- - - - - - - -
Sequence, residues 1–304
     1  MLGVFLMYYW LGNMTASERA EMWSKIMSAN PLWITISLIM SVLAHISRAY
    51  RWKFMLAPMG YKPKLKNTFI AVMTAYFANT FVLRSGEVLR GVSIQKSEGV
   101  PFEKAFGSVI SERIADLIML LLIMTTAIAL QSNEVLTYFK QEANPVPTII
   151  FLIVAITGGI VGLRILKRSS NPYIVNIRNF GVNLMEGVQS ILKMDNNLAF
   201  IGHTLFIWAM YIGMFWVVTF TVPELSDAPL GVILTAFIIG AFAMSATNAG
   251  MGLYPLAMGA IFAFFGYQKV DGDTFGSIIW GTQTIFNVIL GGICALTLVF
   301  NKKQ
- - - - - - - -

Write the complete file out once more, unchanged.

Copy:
Sequence, residues 1–304
     1  MLGVFLMYYW LGNMTASERA EMWSKIMSAN PLWITISLIM SVLAHISRAY
    51  RWKFMLAPMG YKPKLKNTFI AVMTAYFANT FVLRSGEVLR GVSIQKSEGV
   101  PFEKAFGSVI SERIADLIML LLIMTTAIAL QSNEVLTYFK QEANPVPTII
   151  FLIVAITGGI VGLRILKRSS NPYIVNIRNF GVNLMEGVQS ILKMDNNLAF
   201  IGHTLFIWAM YIGMFWVVTF TVPELSDAPL GVILTAFIIG AFAMSATNAG
   251  MGLYPLAMGA IFAFFGYQKV DGDTFGSIIW GTQTIFNVIL GGICALTLVF
   301  NKKQ